Dozing polar bear, Indianapolis Zoo

Monday, July 30, 2007

Glacial Recession -- Part II

Now that I’ve offered an ominous opener, let me throw out this confusing fact: The glaciers in northwest Montana began to recede in the 1850’s. I know that all of you – astute observers of human history that you are -- will recognize that decade as preceding significant human-generated carbon emissions.

So what gives? This was the question the instructor, Jeff, posed during his introductory slide show. Is the recession of the park’s glaciers caused by humans or is it merely the result of a naturally occurring warming period?

It’s both, of course; the question poses a false dichotomy. Geologic history is peppered with alternating periods of glacial advance and retreat, and the earth had already entered a period of glacial retreat when we started energetically pumping carbon into the atmosphere. So while human activities may not have caused the glaciers to begin melting initially, it’s a safe bet that those activities have dramatically increased the rate, in recent times, at which the glaciers are melting.

Take a look at the picture below.

Where Jeff is standing marks the point to which the glacier extended just last year, and it will recede even further yet this year. And this is on the side of the glacier and not the “toe” – in laymen’s terms, the tip – of the glacier, where melting occurs most rapidly.

It’s also worth noting that this is the kind of thing you hear the wishful thinkers say all the time: “But the glaciers started melting long before the petroleum era, so it can’t be global warming! We’re just in a naturally occurring warming period!” The foundational facts are correct, to be sure -- the glaciers did begin to recede awhile ago, and we are in a natural warming period (or, as I understand it, the end of a much cooler period, which may not be exactly the same thing.) It’s the conclusion they reach that’s faulty. The era of human-generated carbon is coinciding with that period and elevating the planet’s temperature to the point of grim consequences.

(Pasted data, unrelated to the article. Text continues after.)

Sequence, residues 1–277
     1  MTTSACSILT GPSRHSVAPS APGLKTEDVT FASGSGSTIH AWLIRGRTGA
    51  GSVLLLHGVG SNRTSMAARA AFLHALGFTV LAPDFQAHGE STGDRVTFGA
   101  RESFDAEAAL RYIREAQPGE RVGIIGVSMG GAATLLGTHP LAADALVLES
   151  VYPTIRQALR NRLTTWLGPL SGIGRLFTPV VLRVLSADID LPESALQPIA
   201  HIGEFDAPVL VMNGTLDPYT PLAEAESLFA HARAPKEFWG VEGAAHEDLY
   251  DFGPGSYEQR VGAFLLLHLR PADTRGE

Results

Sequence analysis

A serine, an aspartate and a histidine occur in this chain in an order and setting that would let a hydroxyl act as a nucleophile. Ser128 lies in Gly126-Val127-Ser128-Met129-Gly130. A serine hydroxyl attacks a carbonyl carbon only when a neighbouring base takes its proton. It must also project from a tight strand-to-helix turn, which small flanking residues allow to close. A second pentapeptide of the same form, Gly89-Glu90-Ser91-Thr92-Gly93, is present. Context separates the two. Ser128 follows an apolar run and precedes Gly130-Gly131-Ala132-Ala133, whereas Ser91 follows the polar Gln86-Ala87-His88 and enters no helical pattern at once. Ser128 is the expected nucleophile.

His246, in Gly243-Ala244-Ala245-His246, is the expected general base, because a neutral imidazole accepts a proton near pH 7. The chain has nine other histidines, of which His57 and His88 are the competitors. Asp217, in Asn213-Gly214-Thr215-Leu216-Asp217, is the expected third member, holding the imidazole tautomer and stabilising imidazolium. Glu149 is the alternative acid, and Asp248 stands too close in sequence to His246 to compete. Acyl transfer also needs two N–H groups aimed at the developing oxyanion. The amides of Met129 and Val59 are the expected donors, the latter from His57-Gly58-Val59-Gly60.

Part III: Wherein I attempt to avoid becoming a permanent part of the glacier, as glacial recession, though occurring rapidly, will not happen quickly enough to free me from a crevasse should I be so unlucky as to fall into one.


Kristy said...

Oooo! I'm on pins and needles for Part III!

kris said...

This is very interesting - sounds like a good workshop. The first photo of the lake is beautiful. It's always fun to see where people insert the truth and then jump to reach a conclusion... looking forward to hearing more.

Trailhead said...

Kristy, I'm exaggerating as usual. I was such a weenie about being on that glacier I pretty much stayed rooted to one spot.

Kris, It was a great seminar. I'd encourage anyone to check out the Glacier Institute. They really do a good job and have great classes.